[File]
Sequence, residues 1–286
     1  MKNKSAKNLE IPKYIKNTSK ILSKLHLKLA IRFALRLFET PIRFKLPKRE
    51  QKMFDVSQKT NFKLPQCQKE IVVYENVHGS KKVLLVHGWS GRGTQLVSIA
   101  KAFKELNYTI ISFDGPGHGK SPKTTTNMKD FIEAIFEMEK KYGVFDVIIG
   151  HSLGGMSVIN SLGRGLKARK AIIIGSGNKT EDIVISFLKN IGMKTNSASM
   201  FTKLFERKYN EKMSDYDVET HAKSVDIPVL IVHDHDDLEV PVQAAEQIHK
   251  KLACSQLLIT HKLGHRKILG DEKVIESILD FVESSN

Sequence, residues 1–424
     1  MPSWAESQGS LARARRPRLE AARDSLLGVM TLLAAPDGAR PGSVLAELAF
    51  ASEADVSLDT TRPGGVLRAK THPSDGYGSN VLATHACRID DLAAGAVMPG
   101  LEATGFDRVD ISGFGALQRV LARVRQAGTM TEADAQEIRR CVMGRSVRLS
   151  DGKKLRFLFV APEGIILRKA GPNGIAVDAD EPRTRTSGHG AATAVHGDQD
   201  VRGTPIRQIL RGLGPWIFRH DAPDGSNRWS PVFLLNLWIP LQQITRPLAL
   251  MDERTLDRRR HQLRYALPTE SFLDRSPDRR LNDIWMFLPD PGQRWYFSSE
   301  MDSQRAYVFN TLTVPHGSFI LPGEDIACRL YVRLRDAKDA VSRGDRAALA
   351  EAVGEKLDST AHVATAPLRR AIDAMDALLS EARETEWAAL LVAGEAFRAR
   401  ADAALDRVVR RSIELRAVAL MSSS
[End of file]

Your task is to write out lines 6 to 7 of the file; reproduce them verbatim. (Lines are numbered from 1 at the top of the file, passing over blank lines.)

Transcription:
   201  FTKLFERKYN EKMSDYDVET HAKSVDIPVL IVHDHDDLEV PVQAAEQIHK
   251  KLACSQLLIT HKLGHRKILG DEKVIESILD FVESSN